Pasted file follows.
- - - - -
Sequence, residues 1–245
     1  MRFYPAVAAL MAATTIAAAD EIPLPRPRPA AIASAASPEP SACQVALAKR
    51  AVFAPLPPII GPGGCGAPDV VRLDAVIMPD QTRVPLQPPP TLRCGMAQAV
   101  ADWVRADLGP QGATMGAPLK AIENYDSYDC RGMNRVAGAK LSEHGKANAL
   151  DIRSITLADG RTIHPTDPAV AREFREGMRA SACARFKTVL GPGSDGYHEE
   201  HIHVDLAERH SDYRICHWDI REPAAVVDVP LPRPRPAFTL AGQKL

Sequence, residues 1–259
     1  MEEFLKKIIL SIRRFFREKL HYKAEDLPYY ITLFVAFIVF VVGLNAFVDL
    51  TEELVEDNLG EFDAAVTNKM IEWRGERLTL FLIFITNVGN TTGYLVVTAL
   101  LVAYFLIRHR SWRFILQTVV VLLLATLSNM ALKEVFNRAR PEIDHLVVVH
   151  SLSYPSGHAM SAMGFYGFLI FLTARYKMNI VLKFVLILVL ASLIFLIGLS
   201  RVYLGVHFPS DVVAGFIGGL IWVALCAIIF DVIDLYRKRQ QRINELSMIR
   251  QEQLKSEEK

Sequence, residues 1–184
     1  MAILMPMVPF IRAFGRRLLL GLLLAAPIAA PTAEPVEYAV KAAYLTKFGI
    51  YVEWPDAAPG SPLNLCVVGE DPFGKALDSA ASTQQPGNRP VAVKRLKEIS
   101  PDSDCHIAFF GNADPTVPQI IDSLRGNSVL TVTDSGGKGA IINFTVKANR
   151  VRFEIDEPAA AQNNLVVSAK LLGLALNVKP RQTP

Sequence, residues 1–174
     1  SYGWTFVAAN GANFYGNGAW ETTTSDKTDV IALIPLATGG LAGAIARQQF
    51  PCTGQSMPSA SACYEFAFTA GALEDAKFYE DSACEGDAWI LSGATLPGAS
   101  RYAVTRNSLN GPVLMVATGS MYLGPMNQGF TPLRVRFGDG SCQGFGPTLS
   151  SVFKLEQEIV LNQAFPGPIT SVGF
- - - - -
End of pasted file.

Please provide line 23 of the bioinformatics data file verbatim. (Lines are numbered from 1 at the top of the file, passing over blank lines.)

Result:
   151  SVFKLEQEIV LNQAFPGPIT SVGF